July 03, 2020 4 min read

The first thing I would like to say is thanks to Callum for your thoughts and insight into your angling. Some very interesting ideas and pointers for people reading this to take on board. Obviously we all have our own ideas and strategies in targeting different venues and even targeting certain fish.

 

Firstly going back to Paul’s piece on small against large hook baits etc. Personally I have always opted to use small hook baits. I’ve never been one to use big hook baits or even big boilies. I suppose part of the reason I like smaller baits is that it is more natural for the fish to eat smaller food items. A lot of lakes I have fished in the past involve the carp having very rarely seen a boilie and I didn’t want to use something completely alien in terms of the size of food items they are used to.

 

One lake I fished for example was Wasing estates Cranwells. There I was targeting the biggest mirror in the country yet I knew it had a tendency to get caught on small baits. My whole campaign I never used a single bait larger than a 12mm pop up. It certainly did the job as I managed to catch the fish when others using larger baits that year failed. So to sum up my answer to Paul’s comments I’m a massive fan of smaller hook baits throughout my fishing, whatever the situation or lake I am fishing.


From March till November I am a big particle fan. Again I fish a lot of clear weedy pits where competing against the natural food can be difficult. I find the use of particles matches the natural food diet as close as possible.

After reading Callum’s follow on piece, I noticed my fishing is generally completely different to his type of venues. I can honestly say on the venues I fish that I have never fished three rods on one spot. Fishing a low stocked lake I just don’t believe this would bring a greater return over spreading the rods and covering different areas of the swim I was fishing.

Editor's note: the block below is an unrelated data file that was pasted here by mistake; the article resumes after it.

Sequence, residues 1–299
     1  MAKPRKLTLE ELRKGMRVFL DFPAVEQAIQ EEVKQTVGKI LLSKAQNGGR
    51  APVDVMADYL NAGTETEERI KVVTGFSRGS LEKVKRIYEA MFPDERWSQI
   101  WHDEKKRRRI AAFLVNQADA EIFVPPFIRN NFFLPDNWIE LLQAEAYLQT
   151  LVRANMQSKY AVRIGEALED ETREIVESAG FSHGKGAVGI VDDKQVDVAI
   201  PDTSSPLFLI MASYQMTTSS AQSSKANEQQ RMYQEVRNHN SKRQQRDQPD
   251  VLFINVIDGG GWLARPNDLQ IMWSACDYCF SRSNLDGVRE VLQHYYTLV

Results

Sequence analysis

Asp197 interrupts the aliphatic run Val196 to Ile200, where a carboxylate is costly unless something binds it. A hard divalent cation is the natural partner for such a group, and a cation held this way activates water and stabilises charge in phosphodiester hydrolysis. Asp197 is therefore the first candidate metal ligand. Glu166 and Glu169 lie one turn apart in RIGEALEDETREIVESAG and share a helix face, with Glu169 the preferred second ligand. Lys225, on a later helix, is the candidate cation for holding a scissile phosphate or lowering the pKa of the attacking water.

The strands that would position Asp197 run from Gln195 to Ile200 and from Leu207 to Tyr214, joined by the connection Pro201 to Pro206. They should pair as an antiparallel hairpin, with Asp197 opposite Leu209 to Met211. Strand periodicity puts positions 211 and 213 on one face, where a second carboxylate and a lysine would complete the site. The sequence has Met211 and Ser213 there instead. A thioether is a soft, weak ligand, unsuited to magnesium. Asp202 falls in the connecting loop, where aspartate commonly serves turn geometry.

The venues I have been fishing these last few years have been mega weedy to the point one of the venues became unfishable. On these type of waters, generally I will have started in the spring and already have prepped spots for when the weed takes hold. I tend to locate spots and bait them heavily till the spots become noticeably cleaner. I use a lot of pellets, particles, chopped boilie and the secret to a clear spot staying clear is Himalayan rock salt. I use kilos of the stuff in spring on spots and this keeps the fish returning and also seems to disperse the weed for long periods of time if used regularly.

 

When it comes to fishing in weed and small clear spots accuracy is paramount. Literally I have spent hours locating clear spots within a swim. Finding those clean spots amongst the weed is key and worth the trouble. Once I locate the clear spots accuracy in both casting and bait placement is key. On small clear spots in weed I opt to use a tight baiting approach. 99% of the time I use a spod to dispatch my bait, again this is used as accurately as possible. Using wrap sticks is a great way to build accuracy and will ensure those spods land bang on the money every time. Again when fishing heavily weeded waters I opt to use a particle approach to mimic the natural food that the carp are searching out. I will rarely ever use a whole boilie on small spots opting to use broken baits usually with hemp, tigers and Rock salt. The more bait that these small clear spots receive the bigger and cleaner the spots will become. I’ve seen 50cm spots become 5ft wide overnight with the right amount of bait. It’s amazing how quickly a spot will become clearer once the fish find it. 

On the larger waters I tend to fish I spread my rods at different positions, rarely ever fishing more than one rod on a spot. I usually try to locate a spot close in as well as out in the pond. I think my venues and typically low stocked venues that I fish are a lot different to the most. I hope some of what I have written you can take on board to help in your own angling. I think a good thing to move onto next is a boilie versus particle debate. What do you prefer and why?  Do you switch to a more particle based approach during the warmer months or do you just boilie fish all year round? Do you adjust your baiting techniques differently throughout the year? 

Many Thanks 

Craig Runham


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